If some of your employees are receiving refunds from your company’s 401(k) plan each year, it may be due to a failed compliance test. In this article, we’ll explain what these tests are and how you can prevent these from being a recurring problem.
Although 401(k) plans have emerged as one of the most popular types of retirement plans in the United States, they still come with a complex set of rules that can result in surprising limitations for some companies. And often times, these limitations are caused by nondiscrimination rules. These rules require the plan to pass a series of tests each year to make sure the plan doesn’t favor higher-paid employees and business owners over the rest of a company’s employees.
Nondiscrimination tests look at both employee contributions (salary deferrals) and employer contributions, like matching and profit sharing contributions. However, this post will focus just on the test for employee contributions, which is known as the Actual Deferral Percentage (ADP) Test.
What causes an ADP Test failure?
Many plans fail this test when “highly compensated employees” (HCEs) are contributing a significant amount more to their retirement plan account in comparison to the rest of the company’s employees or “non highly-compensated employees” (NHCEs). However, failing this test doesn’t mean that your plan instantly loses its tax-qualified status because there prescribed methods for correcting a failed test. And as long as those corrections are made in a timely manner, the plan can continue on as a tax-qualified plan.
The most common form of ADP test correction is refunding the HCEs’ contributions to bring the average deferral rate down to a passing level. However, refunding contributions isn’t the only correction method available. Employers also have the option of correcting the ADP test by making contributions to the NHCEs that will bring their contribution rates up, or a combination of these two correction methods.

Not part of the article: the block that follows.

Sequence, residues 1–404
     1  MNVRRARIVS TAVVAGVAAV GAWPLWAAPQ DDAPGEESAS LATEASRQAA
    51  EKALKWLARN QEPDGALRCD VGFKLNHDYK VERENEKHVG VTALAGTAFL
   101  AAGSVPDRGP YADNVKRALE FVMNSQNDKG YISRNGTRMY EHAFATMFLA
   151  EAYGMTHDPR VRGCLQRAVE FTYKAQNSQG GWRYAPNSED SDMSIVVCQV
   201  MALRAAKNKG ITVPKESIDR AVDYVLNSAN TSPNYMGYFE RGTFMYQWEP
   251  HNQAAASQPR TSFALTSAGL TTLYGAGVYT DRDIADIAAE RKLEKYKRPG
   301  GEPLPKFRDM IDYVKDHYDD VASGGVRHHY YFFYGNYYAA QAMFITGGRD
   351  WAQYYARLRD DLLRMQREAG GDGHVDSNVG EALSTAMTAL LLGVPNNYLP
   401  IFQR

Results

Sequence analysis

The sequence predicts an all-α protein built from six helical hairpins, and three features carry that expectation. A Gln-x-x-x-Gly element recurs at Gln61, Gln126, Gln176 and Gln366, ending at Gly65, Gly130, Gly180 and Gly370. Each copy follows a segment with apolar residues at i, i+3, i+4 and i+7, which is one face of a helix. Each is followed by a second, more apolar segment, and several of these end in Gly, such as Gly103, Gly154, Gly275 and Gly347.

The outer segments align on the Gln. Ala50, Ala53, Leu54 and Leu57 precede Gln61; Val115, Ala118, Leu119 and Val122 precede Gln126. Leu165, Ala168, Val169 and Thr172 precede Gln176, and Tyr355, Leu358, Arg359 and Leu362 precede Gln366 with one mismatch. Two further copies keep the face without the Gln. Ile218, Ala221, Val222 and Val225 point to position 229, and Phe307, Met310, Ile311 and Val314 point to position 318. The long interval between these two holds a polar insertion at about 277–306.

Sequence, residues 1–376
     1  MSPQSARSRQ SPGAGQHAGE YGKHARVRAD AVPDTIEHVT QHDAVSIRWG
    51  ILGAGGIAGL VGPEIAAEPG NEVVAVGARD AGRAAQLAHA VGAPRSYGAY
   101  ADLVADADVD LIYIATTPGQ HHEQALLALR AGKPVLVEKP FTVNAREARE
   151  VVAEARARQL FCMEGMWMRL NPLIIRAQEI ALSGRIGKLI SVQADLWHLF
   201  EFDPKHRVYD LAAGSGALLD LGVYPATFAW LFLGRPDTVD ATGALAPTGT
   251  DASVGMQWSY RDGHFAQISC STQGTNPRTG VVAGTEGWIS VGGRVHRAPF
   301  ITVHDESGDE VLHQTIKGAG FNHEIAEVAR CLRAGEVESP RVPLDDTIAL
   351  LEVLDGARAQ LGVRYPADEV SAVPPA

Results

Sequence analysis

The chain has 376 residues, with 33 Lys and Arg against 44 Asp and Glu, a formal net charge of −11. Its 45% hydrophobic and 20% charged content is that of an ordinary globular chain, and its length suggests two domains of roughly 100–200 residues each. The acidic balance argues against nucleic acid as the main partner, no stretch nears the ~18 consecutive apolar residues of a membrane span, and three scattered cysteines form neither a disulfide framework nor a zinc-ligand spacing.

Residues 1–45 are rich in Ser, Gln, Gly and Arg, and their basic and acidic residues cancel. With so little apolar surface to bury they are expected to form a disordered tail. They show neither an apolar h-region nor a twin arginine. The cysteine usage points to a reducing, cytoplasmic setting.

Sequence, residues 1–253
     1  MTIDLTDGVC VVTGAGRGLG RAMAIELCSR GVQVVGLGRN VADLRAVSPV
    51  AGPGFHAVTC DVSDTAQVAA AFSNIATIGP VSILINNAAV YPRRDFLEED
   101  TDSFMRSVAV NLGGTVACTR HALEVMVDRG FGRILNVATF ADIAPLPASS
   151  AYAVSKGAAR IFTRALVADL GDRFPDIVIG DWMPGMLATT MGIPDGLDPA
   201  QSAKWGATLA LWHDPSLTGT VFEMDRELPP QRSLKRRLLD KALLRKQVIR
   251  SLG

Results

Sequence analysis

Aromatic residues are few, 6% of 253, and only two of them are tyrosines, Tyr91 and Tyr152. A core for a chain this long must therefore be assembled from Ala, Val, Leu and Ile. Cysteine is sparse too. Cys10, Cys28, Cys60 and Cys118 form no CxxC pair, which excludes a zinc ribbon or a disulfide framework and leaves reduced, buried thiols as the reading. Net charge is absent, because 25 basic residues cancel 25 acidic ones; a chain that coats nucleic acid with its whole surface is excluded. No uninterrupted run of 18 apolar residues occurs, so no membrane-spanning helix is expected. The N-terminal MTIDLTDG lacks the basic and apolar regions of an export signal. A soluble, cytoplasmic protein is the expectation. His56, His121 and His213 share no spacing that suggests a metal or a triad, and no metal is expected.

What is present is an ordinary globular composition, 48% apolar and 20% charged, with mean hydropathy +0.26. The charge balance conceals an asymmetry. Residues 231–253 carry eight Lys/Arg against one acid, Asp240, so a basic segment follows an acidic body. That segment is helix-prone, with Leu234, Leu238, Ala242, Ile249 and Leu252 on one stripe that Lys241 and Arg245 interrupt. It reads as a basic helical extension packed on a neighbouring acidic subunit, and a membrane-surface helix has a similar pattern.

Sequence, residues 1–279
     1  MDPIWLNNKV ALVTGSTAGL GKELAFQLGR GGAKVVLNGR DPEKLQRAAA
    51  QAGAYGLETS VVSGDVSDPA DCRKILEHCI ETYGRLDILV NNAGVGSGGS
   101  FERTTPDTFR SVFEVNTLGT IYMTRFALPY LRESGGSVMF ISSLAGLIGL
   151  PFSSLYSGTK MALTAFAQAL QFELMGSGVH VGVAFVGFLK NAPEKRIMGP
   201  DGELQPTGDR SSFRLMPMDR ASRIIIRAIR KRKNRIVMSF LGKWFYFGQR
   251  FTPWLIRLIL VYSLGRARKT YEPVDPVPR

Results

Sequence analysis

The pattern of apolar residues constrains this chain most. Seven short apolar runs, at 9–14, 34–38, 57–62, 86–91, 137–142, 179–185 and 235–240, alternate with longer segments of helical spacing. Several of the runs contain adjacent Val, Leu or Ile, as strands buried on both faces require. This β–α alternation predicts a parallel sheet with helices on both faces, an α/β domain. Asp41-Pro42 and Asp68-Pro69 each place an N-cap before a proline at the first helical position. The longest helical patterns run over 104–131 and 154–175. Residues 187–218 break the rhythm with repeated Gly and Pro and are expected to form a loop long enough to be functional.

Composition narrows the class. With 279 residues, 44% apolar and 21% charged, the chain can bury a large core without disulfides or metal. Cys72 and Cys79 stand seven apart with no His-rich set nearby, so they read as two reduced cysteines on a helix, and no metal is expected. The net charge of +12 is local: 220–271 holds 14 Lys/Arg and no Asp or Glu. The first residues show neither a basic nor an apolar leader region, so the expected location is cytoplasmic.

So, ADP test refunds may be why some HCEs in your plan are receiving refunds from their 401(k) plan accounts every year around March. These corrective refunds are also known as corrective distributions.
Why is March significant?
For most plans, ADP tests have to be corrected no later than 2½ months after the close of the plan year to avoid excise taxes. So for calendar-year plans, this ends up being March 15. If your plan has an eligible automatic contribution arrangement feature, this deadline is extended to 6 months after the plan year.
Employees Included in Testing
In performing the ADP test, all active and terminated employees eligible to defer at any time during the plan year are included, whether or not they actually made a deferral.
Who is a Highly-Compensated Employee for the ADP Test?
Before a plan can be tested for discrimination, the Highly-Compensated Employees (HCEs) and Non-Highly-Compensated Employees (NHCEs) have to be identified using certain tests. HCEs are identified using the following tests:
- An owner of more than 5% of the company in the testing plan year or the prior testing plan year (family stock attribution rules apply which treat an individual as owning stock owned by his spouse, children, grandchildren or parents), or
- An employee who received compensation in excess of a specified limit from the employer in the previous year (e.g., employees who earned more than $130,000 in 2020 will be considered HCEs in 2021). The employer may elect that this group be limited to the top 20% of employees based on compensation.
After the HCEs and NHCEs have been identified, the plan will undergo the ADP test.
How to Calculate the ADP Test
First, each participant’s deferral percentage is determined by dividing the applicable deferrals by their compensation, which is defined in your plan document. Next, averages are calculated for the HCE and NHCE groups by dividing the sum of the deferral or contribution percentages by the number of employees in the group. Below is an example of the ADP determination:
|HCE Average (11.00% ÷ 2):||5.50%|
|NHCE Average (17.00% ÷ 4):||4.25%|
The HCEs’ average may only exceed the NHCEs’ average by specific limits summarized as follows:
|2% or less||NHCE % x 2|
|2% – 8%||NHCE % + 2|
|more than 8%||NHCE % x 1.25|
In the above example, the maximum ADP of the HCE group is 6.25% (the NHCE average of 4.25% plus 2%). The test passes since the ADP of the HCE group is 5.50% which is less than the 6.25% maximum.
Catch-up contributions (available to participants who are age 50 or older if permitted by the plan) that exceed a statutory limit or plan-imposed limit are not included in performing the ADP test. Also, compensation for plan purposes is subject to an annual limit ($255,000 for 2013 and $255,000 for 2014).